# Why is this loop heavy code so slow in Python? Possible Project Euler spoilers

Mark Dickinson dickinsm at gmail.com
Sun Sep 2 21:23:21 CEST 2007

```On Sep 2, 7:51 am, jwrweather... at gmail.com wrote:
> The resulting executable takes 0.24 seconds to run. I'm not expecting
> a scripting language to run faster than native code, but I was
> surprised at how much slower it was in this case. Any ideas as to what
> is causing python so much trouble in the above code?

Below is some code and some timings that show that Python is spending
at least 1/3 of its time computing the squares: a*a, b*b and c*c. So
to explain why Python is so much slower than C, it should be enough to
explain what's going on with these multiplications.  Here's my attempt
at an explanation:

To compute a*a, Python has to do the following, all at run-time

(1) Find the type of a.
(2) Look up the corresponding multiplication method for this type.
(3) (In the multiplication method): find the type of the right-hand
side, in this case a again.
(4) Having established that both arguments are ints, worry about
whether the result is going to overflow (in which case a long needs to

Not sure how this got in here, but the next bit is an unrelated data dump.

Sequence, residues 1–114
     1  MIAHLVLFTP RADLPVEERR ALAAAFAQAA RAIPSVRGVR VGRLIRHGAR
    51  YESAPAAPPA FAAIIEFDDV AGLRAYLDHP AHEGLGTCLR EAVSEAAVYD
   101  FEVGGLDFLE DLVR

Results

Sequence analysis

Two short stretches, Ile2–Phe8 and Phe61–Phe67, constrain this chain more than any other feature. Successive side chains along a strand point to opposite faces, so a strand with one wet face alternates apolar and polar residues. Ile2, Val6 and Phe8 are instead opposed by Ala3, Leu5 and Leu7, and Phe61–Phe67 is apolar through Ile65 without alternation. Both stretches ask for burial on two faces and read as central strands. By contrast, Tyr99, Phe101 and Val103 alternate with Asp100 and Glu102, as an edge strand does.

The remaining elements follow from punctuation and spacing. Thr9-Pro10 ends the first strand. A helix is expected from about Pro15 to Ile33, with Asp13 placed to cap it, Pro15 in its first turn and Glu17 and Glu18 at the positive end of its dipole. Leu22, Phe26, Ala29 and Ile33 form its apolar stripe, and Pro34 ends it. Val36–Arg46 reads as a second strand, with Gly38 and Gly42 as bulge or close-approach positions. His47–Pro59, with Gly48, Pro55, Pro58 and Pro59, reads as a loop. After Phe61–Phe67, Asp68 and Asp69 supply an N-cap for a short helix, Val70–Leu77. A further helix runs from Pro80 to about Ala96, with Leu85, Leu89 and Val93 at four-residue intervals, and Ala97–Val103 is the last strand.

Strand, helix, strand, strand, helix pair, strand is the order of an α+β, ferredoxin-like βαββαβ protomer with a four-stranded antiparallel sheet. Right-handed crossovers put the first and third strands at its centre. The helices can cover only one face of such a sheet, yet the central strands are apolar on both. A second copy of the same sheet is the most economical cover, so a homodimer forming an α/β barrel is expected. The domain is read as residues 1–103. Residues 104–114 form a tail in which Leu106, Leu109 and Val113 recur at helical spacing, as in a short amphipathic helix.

be returned).
(5) Do the multiplication.
(6) Allocate a new Python integer to hold the result, and return it.

The C code only has to do step (5), and this boils down to a single
machine instruction.

Mark

Code and timings: (Python 2.5.1/G4.)

def test():
solutions = [0] * 1000
for a in xrange(1, 1000):
for b in xrange(1, 1000 - a):
for c in xrange(1, 1000 - a - b):
if a*a + b*b == c*c:
solutions[a+b+c] += 1
return solutions

def test2():
solutions = [0] * 1000
squares = [x*x for x in xrange(1000)]
for a in xrange(1, 1000):
for b in xrange(1, 1000 - a):
for c in xrange(1, 1000 - a - b):
if squares[a] + squares[b] == squares[c]:
solutions[a+b+c] += 1
return solutions

>>> from profile import run
>>> run("l = test(); l2 = test2()")
5 function calls in 299.984 CPU seconds

Ordered by: standard name

ncalls  tottime  percall  cumtime  percall
filename:lineno(function)
1    0.010    0.010    0.010    0.010 :0(setprofile)
1    0.000    0.000  299.973  299.973 <string>:1(<module>)
1    0.000    0.000  299.984  299.984 profile:0(l = test(); l2
= test2())
0    0.000             0.000          profile:0(profiler)
1  182.262  182.262  182.262  182.262 test.py:1(test)
1  117.711  117.711  117.711  117.711 test.py:10(test2)

```